sunset from behind the wire

sunset from behind the wire

Friday, April 15, 2016

What About the Kurds?

President G. W. Bush refused to partition Iraq based on its ethnic components (Kurds in the North, Sunni Muslims in Baghdad and Shiites in the South) because that would have been an admission that these tribal peoples, with different faiths (different sects of Islam), couldn't get along. Historically, they haven't been able to get along for roughly 1,200 years, but Bush and crew felt that inside every Iraqi, there was an American screaming to get out. Not hardly, but that's how American leadership felt at the time. And it all went to pot.

The second round of Syrian peace talks began in Geneva yesterday. One thing that is clear from the past five years of civil wars is that Western ideas about how Middle Eastern populations should govern themselves don’t work. The latest cumulative death toll for the Syrian civil war is 470,000 dead since 2011. The Iraqi numbers are far more grim than that, and I don't think that anyone is running the abacus on that.

It might be time to allow the people directly effected to try and figure out what will work and then run with that scenario.  I realize that's a revolutionary concept and as such it may take a lot of persuading to get the US to buy off on it.

The Syrian Kurds are moving ahead with their federal autonomy referendum and hope to finalize plans in six months. A Kurdish official leading the effort said it is time the West gave its full backing to the Kurdish plan. "We don't expect hostile parties to support this project, but we hope Western states that have lived the experience of unions and federalism to support this type of project."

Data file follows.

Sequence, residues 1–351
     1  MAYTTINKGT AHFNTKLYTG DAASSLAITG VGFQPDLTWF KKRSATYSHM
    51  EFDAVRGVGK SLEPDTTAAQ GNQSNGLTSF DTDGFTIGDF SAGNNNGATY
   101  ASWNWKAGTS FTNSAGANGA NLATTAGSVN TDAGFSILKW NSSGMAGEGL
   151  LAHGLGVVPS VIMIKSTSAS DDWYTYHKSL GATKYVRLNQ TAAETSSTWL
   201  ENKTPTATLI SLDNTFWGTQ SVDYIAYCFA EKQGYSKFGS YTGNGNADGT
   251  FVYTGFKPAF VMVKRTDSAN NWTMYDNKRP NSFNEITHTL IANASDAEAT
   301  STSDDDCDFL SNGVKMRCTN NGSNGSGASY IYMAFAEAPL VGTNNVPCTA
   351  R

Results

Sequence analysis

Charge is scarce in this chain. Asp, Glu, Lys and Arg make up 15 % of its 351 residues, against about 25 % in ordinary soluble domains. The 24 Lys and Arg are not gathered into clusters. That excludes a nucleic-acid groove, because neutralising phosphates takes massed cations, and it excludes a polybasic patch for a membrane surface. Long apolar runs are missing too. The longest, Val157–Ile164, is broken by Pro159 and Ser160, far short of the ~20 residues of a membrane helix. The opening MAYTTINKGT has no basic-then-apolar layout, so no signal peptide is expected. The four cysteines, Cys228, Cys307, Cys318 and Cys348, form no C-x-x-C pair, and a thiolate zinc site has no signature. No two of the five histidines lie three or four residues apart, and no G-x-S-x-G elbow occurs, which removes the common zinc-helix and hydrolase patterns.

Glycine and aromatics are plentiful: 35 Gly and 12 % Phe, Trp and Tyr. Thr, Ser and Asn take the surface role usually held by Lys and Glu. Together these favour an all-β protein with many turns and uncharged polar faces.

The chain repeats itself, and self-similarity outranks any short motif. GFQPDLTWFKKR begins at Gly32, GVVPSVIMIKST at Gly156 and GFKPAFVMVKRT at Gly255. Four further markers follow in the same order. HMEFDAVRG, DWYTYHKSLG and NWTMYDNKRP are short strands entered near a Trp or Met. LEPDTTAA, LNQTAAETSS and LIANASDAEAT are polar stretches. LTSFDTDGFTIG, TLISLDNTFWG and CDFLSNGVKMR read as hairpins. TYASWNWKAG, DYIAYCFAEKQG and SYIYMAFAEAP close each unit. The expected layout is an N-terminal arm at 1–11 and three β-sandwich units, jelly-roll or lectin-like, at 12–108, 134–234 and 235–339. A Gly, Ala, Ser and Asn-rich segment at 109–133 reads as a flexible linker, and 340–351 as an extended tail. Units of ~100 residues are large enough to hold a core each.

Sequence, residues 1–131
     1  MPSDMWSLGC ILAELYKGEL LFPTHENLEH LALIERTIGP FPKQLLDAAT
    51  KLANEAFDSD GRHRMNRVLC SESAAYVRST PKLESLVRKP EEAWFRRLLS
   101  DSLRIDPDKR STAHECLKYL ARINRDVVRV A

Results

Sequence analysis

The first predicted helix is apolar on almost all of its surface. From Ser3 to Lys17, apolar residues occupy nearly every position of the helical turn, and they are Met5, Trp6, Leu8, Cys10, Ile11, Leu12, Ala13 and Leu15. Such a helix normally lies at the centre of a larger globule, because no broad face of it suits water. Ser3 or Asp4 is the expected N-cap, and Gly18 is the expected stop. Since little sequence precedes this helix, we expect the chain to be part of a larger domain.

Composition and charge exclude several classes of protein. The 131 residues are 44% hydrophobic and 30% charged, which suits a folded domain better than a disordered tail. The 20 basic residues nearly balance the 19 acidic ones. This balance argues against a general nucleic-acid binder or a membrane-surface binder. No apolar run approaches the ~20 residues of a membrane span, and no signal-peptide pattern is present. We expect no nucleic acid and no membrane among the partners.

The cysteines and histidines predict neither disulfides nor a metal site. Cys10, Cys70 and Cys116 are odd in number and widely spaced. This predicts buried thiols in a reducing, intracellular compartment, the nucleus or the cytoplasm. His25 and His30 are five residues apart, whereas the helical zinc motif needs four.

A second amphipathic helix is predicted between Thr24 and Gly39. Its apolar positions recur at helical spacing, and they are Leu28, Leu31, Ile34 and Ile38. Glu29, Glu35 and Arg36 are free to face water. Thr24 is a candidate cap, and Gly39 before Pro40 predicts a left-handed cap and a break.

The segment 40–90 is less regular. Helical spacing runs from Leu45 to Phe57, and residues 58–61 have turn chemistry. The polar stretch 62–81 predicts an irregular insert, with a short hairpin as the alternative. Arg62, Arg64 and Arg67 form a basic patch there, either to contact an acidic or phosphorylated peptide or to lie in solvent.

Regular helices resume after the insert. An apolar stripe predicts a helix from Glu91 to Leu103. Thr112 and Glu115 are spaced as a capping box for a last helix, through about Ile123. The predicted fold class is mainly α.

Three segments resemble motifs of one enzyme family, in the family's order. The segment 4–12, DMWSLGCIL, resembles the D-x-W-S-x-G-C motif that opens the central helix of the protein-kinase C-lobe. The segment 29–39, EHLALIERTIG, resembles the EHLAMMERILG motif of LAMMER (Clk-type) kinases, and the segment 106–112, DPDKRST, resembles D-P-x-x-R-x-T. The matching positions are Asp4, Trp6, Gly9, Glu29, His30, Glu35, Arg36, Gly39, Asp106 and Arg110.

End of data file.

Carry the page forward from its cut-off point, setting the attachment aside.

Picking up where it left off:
The official’s admonishment to Western leaders for opposing self-determination and federal solutions is well directed. In Afghanistan, Iraq, Syria and Yemen, Western leaders invariably opposed federalism solutions that would alleviate ethnic suppression. They reflexively supported unitary structures that served mostly the interests of the ruling political and economic elites. Even the present Kurdish autonomous region in Northern Iraq faced heavy Western opposition until the Kurds persisted and proved they could defend it and make it work...and the shiites running Iraq didn't want to fight them.

Allowing for ethnic divisions within Middle Eastern nations adds a default 'safe zone' for refugees in Europe who need to be shipped back. I realize that it's not politically correct to assume that everyone won't get along -- but they won't. That's why reading history is useful. Many of the problems that western nations including the US have had in the Middle East and on the Asian Subcontinent could have been avoided if American decision makers took the effort to read history.
Advice from art (The Princess Bride) that you should NEVER fight a ground war in Asia is sound, even if it comes from a movie turned cult classic.
And, moving on, I keep hearing mostly conservatives saying that the answer to the civil war in Syria and Iraq involves arming the Kurds. In and of itself, not a bad plan but they will confine themselves to a defensive war of "Kurdistan". No, Kurdistan doesn't really exist. The Kurds have no actual homeland and wherever they are, the political machines work hard to kill them off, most notably in Iraq, Turkey and Iran. So no, they're not suited to be mercenaries, sweeping out of the hills to cleanse the upper Euphrates Valley of the ISIL plague. But helping them and arming them puts a weed up the ass of the Iranians and Turks and I'm all for that.